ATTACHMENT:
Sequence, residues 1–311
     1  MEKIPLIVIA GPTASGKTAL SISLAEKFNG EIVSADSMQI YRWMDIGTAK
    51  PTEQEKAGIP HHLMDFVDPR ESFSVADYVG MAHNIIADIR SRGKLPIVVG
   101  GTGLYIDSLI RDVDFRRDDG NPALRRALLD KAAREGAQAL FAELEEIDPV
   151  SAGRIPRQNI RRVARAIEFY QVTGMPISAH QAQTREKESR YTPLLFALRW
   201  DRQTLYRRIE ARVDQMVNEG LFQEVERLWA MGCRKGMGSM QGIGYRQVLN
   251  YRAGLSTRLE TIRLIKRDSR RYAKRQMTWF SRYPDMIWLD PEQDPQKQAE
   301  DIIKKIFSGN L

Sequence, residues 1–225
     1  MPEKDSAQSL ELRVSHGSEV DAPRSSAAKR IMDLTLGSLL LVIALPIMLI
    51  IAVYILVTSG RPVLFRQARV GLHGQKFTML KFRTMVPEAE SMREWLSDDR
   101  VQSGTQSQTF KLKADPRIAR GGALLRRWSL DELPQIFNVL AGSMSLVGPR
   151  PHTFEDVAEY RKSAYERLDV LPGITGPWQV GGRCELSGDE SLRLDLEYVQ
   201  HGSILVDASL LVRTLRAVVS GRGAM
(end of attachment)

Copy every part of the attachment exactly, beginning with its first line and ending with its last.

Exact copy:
Sequence, residues 1–311
     1  MEKIPLIVIA GPTASGKTAL SISLAEKFNG EIVSADSMQI YRWMDIGTAK
    51  PTEQEKAGIP HHLMDFVDPR ESFSVADYVG MAHNIIADIR SRGKLPIVVG
   101  GTGLYIDSLI RDVDFRRDDG NPALRRALLD KAAREGAQAL FAELEEIDPV
   151  SAGRIPRQNI RRVARAIEFY QVTGMPISAH QAQTREKESR YTPLLFALRW
   201  DRQTLYRRIE ARVDQMVNEG LFQEVERLWA MGCRKGMGSM QGIGYRQVLN
   251  YRAGLSTRLE TIRLIKRDSR RYAKRQMTWF SRYPDMIWLD PEQDPQKQAE
   301  DIIKKIFSGN L

Sequence, residues 1–225
     1  MPEKDSAQSL ELRVSHGSEV DAPRSSAAKR IMDLTLGSLL LVIALPIMLI
    51  IAVYILVTSG RPVLFRQARV GLHGQKFTML KFRTMVPEAE SMREWLSDDR
   101  VQSGTQSQTF KLKADPRIAR GGALLRRWSL DELPQIFNVL AGSMSLVGPR
   151  PHTFEDVAEY RKSAYERLDV LPGITGPWQV GGRCELSGDE SLRLDLEYVQ
   201  HGSILVDASL LVRTLRAVVS GRGAM